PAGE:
Andrea Snow is awfully amusing as Nan’s new friend Sweetheart, or Peaches, a stripper and aspiring actress who feels this performance will broaden her as an performer. Dressed in a sexy-skimpy version of Kyle’s redneck clothes (costumes by Wendy Lynn), her big hair and slinky, sashaying movements are hilariously at odds with her wide-eyed enthusiasm about playing Kyle, and sometimes Nan, as her first serious dramatic role. It’s the little touches that are so clever, such as the way she moves as if giving Kyle a lap dance while she ties him to the chair—not intentionally but just out of habit.

Reggie D. White is a treat as Nan’s best friend Simon, who enters in a cheerleader outfit, and not the male variation. Simon’s very much a “sassy gay friend” character and gets a lot of funny lines, but it’s the restless energy White’s Simon exudes that make the tempestuous character so entertaining even—or perhaps especially—when he’s being petulant about having not having enough lines in Nan’s play, or her changing the plan without telling him (particularly because, as she puts it, “I added bears”). “As your best friend, I would just like to have more control over your decisions,” he says.

The three co-conspirators are like a merry mutual admiration society, despite the fact that Simon and Sweetheart haven’t met each other till now. As serious business as this revenge is, Nan and her friends blithely enact their plan with giddy enthusiasm, as if it’s the best school project ever, and take it more seriously as a performance than as something they’re actually doing either to this guy or for their friend.  When things get serious and Nan starts to waver, Simon sternly cautions her not to fall into old patterns with Kyle, as if this were an intervention.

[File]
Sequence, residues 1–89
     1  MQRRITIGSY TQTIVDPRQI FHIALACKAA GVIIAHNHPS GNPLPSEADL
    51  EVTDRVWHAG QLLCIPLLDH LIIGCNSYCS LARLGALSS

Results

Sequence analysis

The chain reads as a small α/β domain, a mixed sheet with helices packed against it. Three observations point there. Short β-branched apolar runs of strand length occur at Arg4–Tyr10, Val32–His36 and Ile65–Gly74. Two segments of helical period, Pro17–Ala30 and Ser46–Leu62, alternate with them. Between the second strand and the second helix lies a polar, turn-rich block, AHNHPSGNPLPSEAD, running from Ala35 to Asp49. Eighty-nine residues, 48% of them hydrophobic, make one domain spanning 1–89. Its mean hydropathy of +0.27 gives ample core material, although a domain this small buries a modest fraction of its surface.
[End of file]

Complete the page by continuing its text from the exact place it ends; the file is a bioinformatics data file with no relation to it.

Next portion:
And certainly, in a way it is, although no one seriously thinks they can change Kyle. This isn’t about teaching him to be a better husband. That ship has sailed, and Nan’s out of there—and Kyle won’t be around for second chances either if the bears get him. No, this is happening no matter what Kyle does, and all Nan wants is for him to understand why he deserves it.

As much fun as the premise is, it remains vague exactly why Nan struck upon this particular plan, especially the bear part, or what it has to do with her love of Jimmy Carter. The play seems to lose its focus at the end with a multipart ending that really feels like three different endings stacked on top of each other (the last of them, at least, is by far the strongest). But Gunderson’s rich humor and irresistible characters make it easy to overlook such quibbles. Nan’s strategy for luring the bears is particularly priceless. It’s a light dish at just 80 minutes, but it proves a tantalizingly tasty one—and not just for the bears.

Exit, Pursued by Bear plays through September 17 at Boxcar Playhouse, 505 Natoma St., San Francisco.